Newsbeat: Pedestrian Crashes
A study of U.S. crash data suggests wheelchair users may be more likely to die in collisions with cars than other pedestrians.
Wheelchair users may be more likely to die in collisions with cars than other pedestrians, an analysis of U.S. crash data suggests
According to the examination of accident records, pedestrians in wheelchairs were 36% more likely to die in these crashes than other people, Reuters reports.
Men’s risk was more than five times higher than the fatality odds for female wheelchair users.
The data doesn’t show why wheelchair users may be more vulnerable than other pedestrians. But the findings suggest that city planners should consider ways to make sidewalks safer and drivers should be aware that people in wheelchairs may not move or react in the same way as others do, says study co-author John Kraemer of the Department of Health Systems Administration at Georgetown University in Washington, D.C.
“It is entirely possible that people who use wheelchairs may be at greater risk of death if they are in a pedestrian crash perhaps because drivers are less likely to see them, brake and collide slower because being lower to the ground, wheelchair users may be hit more squarely, or because some people who use wheelchairs may have pre-existing medical vulnerabilities,” Kraemer says by email.
But regardless of the reasons that wheelchair users may be more vulnerable, the take-home message for drivers is the same, he says.
“Pay attention, stop texting, obey stops and speed limits,” Kraemer says. “But also remember that there are road users (similar to) bicyclists and pedestrians, like people with disabilities, who may not be moving in exactly the same ways they would expect.”
In the U.S. alone, nearly 5,000 pedestrians are killed and another 76,000 are injured on public roadways each year, Kraemer and co-author Connor Benton at the Georgetown University School of Medicine write in the journal BMJ Open Access.
To assess how vulnerable wheelchair users may be in car crashes, they looked at data from 2006 to 2012 from the National Highway Traffic Safety Administration’s Fatality Analysis Reporting System, which is based on police reports of collisions, as well as data from news reports of accidents.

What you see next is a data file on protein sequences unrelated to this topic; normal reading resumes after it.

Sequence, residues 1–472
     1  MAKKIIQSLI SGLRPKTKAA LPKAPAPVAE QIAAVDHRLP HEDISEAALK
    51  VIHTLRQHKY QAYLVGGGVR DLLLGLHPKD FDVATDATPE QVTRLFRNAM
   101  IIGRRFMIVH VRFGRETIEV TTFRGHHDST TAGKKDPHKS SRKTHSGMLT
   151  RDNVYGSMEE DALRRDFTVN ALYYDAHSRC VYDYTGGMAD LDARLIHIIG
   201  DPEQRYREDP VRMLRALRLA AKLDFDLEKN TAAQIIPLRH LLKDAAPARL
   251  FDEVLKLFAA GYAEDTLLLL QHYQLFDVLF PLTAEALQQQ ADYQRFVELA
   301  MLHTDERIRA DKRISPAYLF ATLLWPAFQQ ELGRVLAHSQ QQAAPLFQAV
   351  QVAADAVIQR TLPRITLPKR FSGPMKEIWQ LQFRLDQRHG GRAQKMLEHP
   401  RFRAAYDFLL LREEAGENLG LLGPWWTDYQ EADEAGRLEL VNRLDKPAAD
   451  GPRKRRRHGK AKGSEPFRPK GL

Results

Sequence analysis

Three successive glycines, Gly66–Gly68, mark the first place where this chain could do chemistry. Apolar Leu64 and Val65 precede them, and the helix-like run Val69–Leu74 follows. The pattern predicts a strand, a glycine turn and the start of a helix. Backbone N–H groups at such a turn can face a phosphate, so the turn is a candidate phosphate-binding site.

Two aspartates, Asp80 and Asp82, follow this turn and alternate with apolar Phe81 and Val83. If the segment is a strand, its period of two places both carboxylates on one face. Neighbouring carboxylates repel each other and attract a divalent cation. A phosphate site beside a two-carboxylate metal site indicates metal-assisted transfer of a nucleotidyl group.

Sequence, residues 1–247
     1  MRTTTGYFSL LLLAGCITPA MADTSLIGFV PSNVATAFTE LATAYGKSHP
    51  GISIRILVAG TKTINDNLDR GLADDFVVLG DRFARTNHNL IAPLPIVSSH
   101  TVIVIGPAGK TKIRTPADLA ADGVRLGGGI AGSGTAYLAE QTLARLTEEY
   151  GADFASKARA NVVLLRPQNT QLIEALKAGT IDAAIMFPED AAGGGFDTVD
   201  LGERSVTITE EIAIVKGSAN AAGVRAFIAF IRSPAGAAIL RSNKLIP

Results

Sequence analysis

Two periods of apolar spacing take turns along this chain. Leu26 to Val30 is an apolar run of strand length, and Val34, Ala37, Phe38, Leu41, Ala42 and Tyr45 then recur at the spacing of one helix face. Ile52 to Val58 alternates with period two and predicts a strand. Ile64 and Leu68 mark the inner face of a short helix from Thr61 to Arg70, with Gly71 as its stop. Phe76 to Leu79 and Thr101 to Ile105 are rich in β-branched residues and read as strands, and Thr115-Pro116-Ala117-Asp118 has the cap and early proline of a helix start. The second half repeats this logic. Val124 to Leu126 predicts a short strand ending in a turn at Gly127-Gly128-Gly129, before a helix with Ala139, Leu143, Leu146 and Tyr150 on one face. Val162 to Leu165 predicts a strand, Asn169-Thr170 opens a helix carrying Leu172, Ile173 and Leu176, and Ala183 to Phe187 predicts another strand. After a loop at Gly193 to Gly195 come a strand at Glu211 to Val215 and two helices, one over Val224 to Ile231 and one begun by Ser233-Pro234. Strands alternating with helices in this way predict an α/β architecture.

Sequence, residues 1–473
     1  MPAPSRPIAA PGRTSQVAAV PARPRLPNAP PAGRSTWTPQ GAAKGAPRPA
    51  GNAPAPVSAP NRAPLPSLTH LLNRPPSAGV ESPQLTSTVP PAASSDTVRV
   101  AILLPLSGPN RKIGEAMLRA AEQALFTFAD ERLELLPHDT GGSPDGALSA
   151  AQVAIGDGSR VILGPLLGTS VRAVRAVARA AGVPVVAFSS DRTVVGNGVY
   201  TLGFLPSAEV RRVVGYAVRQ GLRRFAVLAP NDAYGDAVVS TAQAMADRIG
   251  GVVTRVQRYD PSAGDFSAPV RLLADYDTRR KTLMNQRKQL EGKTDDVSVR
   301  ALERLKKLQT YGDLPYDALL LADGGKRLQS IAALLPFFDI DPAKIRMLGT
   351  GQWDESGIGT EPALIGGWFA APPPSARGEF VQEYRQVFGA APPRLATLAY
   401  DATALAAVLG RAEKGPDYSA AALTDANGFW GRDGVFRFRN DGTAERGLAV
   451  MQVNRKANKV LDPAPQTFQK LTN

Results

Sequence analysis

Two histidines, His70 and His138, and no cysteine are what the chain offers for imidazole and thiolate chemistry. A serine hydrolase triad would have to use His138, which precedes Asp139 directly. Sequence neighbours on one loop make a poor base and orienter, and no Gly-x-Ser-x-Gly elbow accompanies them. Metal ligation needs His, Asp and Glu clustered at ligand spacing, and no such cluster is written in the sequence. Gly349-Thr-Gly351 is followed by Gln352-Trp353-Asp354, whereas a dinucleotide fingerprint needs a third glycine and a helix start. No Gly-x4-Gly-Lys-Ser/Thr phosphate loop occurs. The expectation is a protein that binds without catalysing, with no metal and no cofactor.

The researchers calculated that approximately 528 pedestrians using wheelchairs were killed in road traffic collisions during the study period, a death rate that is more than a third higher for wheelchair users than for the general population.
Almost half of fatal crashes occurred in intersections and about 39% of these collisions happened in locations without any traffic control devices such as stoplights, the analysis found.
Among intersection crashes, 48% involved a wheelchair user in a crosswalk; no crosswalk was available in about 18% of cases.
In about 21% of the crashes, drivers failed to yield the right-of-way, while in about 78% of the collisions no crash-avoidance efforts by drivers were detected.
The wheelchairs weren’t sufficiently visible in about 15% of the incidents.
The study may have underestimated the proportion of fatalities involving wheelchairs, the authors acknowledge. That’s because motorized scooters weren’t counted as wheelchairs in the analysis since the available data was insufficient to separate mopeds and the like from mobility devices.
Another missing piece of information is the type of wheelchairs involved in these accidents, notes Rory Cooper, director of the Human Engineering Research Laboratories at the University of Pittsburgh.
Cooper wasn’t involved with the study, but he says in an email that overall, wheelchair users might be more vulnerable to crashes than other pedestrians because they might have a harder time moving quickly out of the way on sidewalks or because they might have to travel on the street when a lack of curb cuts makes it impossible for them to use sidewalks.
It’s also possible that people using power wheelchairs might be more agile at avoiding a collision than individuals in manual chairs, Cooper says.
To stay safe, wheelchair users can avoid crossing at intersections when they don’t have enough time or seek assistance to cross faster, Cooper notes. Reflective clothing may also make them more visible.
Still, drivers also need to pay closer attention.
“Drivers should look for wheelchair users on roadways and treat them like a slower-moving cyclist,” Cooper says.
Newsbeat: Pedestrian Crashes
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